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5 Ways to Stop FOMO From Stalling Your Weight Loss

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After a very weird, very difficult, and very isolating year and a half, people are starting to socialize again. The invites for brunches and barbecues and birthday parties may be rolling in — along with all of the festive foods and special treats and alcoholic beverages we typically enjoy with friends. But while gathering together may be a boon to our mental health, it can sometimes make it harder to stick to a healthy eating plan. 

Research shows people eat more — as much as 48% more! — when dining with friends and family than when they eat alone. Avoiding social gatherings entirely may seem like a solution, but it’s one that can easily backfire, says Ronald Levant, professor emeritus of psychology at the University of Akron. If prioritizing your healthy eating plan feels like a punishment, it becomes really hard (and un-fun!) to stick with it long term. 

Healthy eating doesn’t have to mean you’re saddled with FOMO (fear of missing out). There are simple, easy ways for you to eat, drink, and be merry without going overboard or derailing your healthy eating goals. Here are some expert tips to help you socialize and stay on track.

Find Activities That Don’t Involve Food

“Not all social engagements have to revolve around food,” says Maxine Yeung, a registered dietitian and owner of The Wellness Whisk. To reduce your worries about what you will or won’t eat, Yeung suggests coming up with social activities that don’t involve meals or treats. 

Sure, you and your bestie used to beeline to happy hour most Fridays. But what if you met up for a walk instead? Or visited a local museum, or took a painting class together, or learned to play cards? Shifting the environment may make it easier to shift out of your old habits (“Pass the bar snacks, please!”) and maintain your new ones. 

Eat Before You Go Out

You know that old advice not to go grocery shopping when you’re hungry because you’ll want to buy everything? Same goes for social plans. Whatever you’re doing, eat first, says Yeung. A satisfying snack at home means you won’t find yourself ravenous in the middle of your activity where food options might be limited to less-than-wholesome quick bites. 

For a filling snack with staying power, prioritize protein and fiber, both of which take longer for your body to digest. Popcorn with a small handful of nuts, a pear with a cheese stick, or cucumbers and hummus are all solid options that can help you keep hunger at bay — so you can focus more on your friends.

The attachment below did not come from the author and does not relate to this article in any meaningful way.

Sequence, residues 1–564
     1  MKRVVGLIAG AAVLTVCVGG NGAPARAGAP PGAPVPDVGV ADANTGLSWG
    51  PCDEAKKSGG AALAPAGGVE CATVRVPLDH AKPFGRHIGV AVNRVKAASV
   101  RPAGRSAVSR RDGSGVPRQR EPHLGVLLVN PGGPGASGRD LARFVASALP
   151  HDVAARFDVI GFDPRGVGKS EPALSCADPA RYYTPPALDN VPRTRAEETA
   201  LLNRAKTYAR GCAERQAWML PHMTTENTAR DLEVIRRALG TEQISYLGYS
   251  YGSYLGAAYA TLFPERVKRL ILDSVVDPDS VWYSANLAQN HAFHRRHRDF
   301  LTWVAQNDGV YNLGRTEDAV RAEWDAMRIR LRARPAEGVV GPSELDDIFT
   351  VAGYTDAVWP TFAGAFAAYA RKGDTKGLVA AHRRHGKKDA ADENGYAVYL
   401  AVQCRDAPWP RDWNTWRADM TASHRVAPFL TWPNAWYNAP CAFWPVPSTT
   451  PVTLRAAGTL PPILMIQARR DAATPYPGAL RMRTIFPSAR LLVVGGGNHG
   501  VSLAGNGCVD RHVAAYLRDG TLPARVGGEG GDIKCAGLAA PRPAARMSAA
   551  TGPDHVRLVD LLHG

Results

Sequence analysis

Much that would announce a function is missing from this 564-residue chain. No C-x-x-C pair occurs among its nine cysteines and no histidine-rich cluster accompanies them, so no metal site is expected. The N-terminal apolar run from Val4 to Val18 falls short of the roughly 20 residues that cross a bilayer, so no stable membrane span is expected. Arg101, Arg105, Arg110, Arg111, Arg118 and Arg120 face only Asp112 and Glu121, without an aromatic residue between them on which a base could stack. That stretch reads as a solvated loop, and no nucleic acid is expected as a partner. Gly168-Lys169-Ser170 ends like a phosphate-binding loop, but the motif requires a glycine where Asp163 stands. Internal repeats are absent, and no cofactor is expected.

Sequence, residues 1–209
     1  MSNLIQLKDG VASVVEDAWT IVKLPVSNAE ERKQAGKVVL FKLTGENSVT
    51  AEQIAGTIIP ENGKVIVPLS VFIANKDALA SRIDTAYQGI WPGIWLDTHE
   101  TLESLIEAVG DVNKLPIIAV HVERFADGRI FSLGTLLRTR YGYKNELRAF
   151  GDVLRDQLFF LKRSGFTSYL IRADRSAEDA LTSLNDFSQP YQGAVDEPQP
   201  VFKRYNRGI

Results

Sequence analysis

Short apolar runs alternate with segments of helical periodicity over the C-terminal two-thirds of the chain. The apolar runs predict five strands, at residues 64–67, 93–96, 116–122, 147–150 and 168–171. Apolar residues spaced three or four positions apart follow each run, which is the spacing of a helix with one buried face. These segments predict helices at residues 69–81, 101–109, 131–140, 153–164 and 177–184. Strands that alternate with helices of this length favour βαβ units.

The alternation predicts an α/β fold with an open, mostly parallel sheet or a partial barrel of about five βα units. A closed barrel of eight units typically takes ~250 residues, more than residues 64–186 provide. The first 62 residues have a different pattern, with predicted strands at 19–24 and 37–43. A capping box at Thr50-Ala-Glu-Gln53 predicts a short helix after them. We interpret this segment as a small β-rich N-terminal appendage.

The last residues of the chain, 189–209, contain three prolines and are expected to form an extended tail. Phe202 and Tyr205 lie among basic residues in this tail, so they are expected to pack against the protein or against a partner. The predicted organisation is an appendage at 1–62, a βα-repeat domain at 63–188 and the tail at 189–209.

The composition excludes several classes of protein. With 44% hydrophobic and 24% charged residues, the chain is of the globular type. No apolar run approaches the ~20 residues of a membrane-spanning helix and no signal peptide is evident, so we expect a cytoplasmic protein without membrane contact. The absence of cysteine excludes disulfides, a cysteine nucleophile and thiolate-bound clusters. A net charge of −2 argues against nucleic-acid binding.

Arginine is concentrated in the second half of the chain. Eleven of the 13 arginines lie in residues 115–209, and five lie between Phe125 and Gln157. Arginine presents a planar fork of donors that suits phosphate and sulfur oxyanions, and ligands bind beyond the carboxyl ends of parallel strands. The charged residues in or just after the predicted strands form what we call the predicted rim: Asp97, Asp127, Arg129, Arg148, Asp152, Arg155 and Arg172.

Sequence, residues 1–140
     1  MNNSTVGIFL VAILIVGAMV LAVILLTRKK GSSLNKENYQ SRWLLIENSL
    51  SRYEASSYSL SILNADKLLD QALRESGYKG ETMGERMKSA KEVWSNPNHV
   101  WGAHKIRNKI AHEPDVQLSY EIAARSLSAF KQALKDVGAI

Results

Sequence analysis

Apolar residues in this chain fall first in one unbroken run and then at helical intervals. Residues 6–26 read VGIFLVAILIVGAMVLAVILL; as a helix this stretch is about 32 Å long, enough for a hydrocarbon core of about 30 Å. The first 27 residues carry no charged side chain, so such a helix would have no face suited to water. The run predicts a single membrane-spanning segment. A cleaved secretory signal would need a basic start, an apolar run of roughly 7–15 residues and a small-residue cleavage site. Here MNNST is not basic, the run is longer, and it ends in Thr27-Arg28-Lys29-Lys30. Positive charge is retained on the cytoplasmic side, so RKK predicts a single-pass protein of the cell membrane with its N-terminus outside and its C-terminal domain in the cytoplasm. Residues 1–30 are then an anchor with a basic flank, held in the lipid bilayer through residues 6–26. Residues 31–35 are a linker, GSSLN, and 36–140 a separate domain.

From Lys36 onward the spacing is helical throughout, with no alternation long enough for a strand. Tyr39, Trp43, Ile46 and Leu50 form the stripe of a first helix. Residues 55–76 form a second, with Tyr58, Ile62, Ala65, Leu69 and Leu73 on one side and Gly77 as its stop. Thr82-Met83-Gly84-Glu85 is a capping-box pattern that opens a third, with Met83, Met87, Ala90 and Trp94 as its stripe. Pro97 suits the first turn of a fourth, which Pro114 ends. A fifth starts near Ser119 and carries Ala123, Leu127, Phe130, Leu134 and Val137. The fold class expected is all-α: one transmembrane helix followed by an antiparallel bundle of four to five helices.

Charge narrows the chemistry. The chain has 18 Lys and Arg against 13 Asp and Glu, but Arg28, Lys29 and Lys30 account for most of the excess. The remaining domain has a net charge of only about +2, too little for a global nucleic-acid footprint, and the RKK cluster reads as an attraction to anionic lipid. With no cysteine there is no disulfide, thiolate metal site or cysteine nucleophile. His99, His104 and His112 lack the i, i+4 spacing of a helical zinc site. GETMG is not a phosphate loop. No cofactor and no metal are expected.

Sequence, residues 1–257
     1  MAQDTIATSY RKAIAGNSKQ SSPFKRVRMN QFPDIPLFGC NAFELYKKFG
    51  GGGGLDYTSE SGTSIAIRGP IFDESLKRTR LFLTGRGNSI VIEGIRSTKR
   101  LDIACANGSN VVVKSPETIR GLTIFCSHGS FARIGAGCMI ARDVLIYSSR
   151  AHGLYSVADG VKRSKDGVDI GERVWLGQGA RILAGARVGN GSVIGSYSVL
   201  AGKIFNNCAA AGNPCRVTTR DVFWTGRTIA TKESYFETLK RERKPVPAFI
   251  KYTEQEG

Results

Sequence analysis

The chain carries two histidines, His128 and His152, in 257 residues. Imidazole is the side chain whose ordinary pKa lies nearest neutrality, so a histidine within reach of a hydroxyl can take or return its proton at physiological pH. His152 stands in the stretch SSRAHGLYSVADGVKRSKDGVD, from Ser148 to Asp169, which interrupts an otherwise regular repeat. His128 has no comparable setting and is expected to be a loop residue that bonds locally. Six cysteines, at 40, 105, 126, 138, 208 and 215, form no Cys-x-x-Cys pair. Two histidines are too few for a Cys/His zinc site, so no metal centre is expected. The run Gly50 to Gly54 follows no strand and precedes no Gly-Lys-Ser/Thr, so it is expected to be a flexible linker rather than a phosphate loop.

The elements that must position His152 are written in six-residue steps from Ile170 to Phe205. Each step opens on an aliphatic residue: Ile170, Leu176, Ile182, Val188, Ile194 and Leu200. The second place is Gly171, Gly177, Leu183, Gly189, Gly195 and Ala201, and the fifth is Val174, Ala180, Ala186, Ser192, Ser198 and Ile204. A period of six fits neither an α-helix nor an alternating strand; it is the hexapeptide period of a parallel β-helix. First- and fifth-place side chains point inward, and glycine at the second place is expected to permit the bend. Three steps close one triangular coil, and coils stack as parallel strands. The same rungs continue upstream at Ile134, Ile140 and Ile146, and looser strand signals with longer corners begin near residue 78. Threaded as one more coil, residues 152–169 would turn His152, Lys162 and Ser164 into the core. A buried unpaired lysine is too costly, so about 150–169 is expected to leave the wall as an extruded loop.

Drink Smarter

Not only can boozy drinks pack empty calories, but they can also make you forget your healthy eating plan. (Tipsy people don’t always make the smartest choices, do they?) Try chasing each beer or cocktail with a glass of water or club soda with lime. It’ll help you keep clear-headed  and well hydrated, and will cut down your calorie count, to boot.

Need another reason to sip more water? Consider this: It’s really common to confuse the feelings of hunger and thirst, says Yeung. And the only way to know if you’re truly feeling peckish or parched is to drink some water and then see how you feel. Yeung recommends carrying a water bottle with you throughout the day, so sipping becomes second nature. 

Define Your Boundaries

Having a plan for how you’re going to navigate a food-centric event can help you feel more empowered in the moment, so “define your boundaries,” says Levant. That includes figuring out where you want to say yes (loved one’s birthday cake? Yes, please!) and where you want to pass (ho-hum bread basket? No thanks!). A slice of birthday cake or a small glass of wine can fit within your healthy eating plan, guilt-free.

If you’re worried you’ll abandon your plan at the first mention of mozzarella sticks, Yeung suggests ordering first so you’re not influenced by what your tablemates are getting. You can also share your healthy eating intentions with a friend. Stating a goal out loud may make it easier to follow through, and it can remind others that you’ve gathered together for the friendship, not (just) the food.

Be Gentle With Yourself

If you were a robot, sticking to an eating script would be effortless. But you’re not — and that’s ok, says Yeung. It’s important to celebrate your healthy intentions and savor your time with friends. And if you sometimes eat a little more than you want or indulge a bit much at a social event, well, try to treat yourself with compassion. “Know that one meal out will not undo all of your efforts,” she says. Rather than beat yourself up, “be in the moment and try to enjoy your time with others.”